If you have additional resources to share, please connect with us at email@example.com.
NADSP recognizes the invaluable work that Direct Support Professionals all over the world are doing during this unprecedented time. We appreciate you. We hope you remain safe and well.
As you know, legislation continues to move through Congress to respond to the COVID-19 pandemic. It is essential that this legislation includes provisions to support people with disabilities, family caregivers, and the direct support professional workforce.
We know people with disabilities will be disproportionally impacted, and we are worried we are being left out.
CQL | The Council on Quality and Leadership
Since 1969, CQL | The Council on Quality and Leadership has been a leader in working with human service organizations and systems to continuously define, measure, and improve quality of life and quality of services for youth, adults, and older adults with intellectual and developmental disabilities, and psychiatric disabilities. CQL offers accreditation, training, certification, research, and consultation services to agencies that share our vision of dignity, opportunity, and community for all people. www.c-q-l.org
There are numerous ways that the human services field can access the latest and most relevant information about the coronavirus (COVID-19) pandemic, and specifically how to support people with disabilities during the crisis.
CQL has compiled a list of toolkits, resources, and information to provide some guidance on better understanding and being responsive to COVID-19. These will assist human service organizations and support staff during this ever-changing situation.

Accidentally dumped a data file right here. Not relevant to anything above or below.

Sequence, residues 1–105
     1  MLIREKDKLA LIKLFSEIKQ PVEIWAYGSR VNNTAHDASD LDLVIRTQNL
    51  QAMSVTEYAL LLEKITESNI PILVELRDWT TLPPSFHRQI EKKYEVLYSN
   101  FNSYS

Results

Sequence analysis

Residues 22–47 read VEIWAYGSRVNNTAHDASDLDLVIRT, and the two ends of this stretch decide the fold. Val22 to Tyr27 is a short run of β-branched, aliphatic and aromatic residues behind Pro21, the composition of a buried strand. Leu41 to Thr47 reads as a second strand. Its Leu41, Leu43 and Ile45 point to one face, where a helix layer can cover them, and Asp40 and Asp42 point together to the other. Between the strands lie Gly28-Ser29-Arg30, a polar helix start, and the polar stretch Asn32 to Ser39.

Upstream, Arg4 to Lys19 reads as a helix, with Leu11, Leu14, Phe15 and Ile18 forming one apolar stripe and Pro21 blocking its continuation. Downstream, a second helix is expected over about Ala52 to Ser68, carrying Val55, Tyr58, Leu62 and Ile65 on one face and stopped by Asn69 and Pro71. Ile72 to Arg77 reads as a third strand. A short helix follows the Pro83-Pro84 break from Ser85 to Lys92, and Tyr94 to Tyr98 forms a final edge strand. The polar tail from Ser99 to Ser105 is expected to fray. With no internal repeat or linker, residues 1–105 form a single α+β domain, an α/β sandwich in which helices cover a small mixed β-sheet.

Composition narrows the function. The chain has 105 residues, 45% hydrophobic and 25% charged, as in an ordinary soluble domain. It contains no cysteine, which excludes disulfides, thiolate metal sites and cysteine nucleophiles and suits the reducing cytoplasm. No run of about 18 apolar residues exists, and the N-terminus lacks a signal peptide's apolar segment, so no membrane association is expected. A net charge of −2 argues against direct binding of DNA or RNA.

Tools for Recruiting DSPs
During the COVID-19 Pandemic
In the midst of the COVID-19 pandemic, disability service providers find the struggle to recruit and retain direct support professionals even more pronounced than usual. Meanwhile, workers from a range of industries — restaurants, hotels, travel and tourism, and more — are finding themselves laid off and without work.
Recognizing that now may be the perfect time for displaced workers to find their next passion in our profession, ANCOR has created a series of tools designed to help connect provider organizations with potential job seekers to create opportunity in the midst of crisis.
The Role of the DSP and the Coronavirus: Part One
The current worldwide news about the emergence of the Coronavirus is on everyone’s list of concerns, questions and insecurities. We created this webinar specifically for Direct Support Professionals to provide them with guidelines for understanding the virus, protecting the individuals they support in the community and offering reliable resources for ongoing news and practices.
The Role of the DSP and Coronavirus: Part Two
In this installment of the Role of the Direct Support Profession and the Coronavirus, NADSP’s Medical Adviser provides a brief update on developments since the previous “Part One” webinar in supporting people with disabilities during this pandemic. Specific information dedicated to direct support professionals will be reviewed.
The Role of the DSP and Coronavirus: Part Three
In this live installment of the Role of the Direct Support Profession and the Coronavirus, NADSP’s Medical Adviser along with NADSP Staff provide a live update on developments since the previous “Part Two” webinar in supporting people with disabilities during this pandemic. Specific information dedicated to direct support professionals will be reviewed.
Meditation for DSPs in Times in Stress
Meditation is a practice where an individual uses a technique – such as mindfulness, or focusing the mind on a particular object, thought, or activity – to train attention and awareness, and achieve a mentally clear and emotionally calm and stable state. Director of Educational Services, John Raffaele has created a meditation for DSPs in times of stress. We are here for you during this very difficult time. If you want to connect with John, he can be reached at: firstname.lastname@example.org.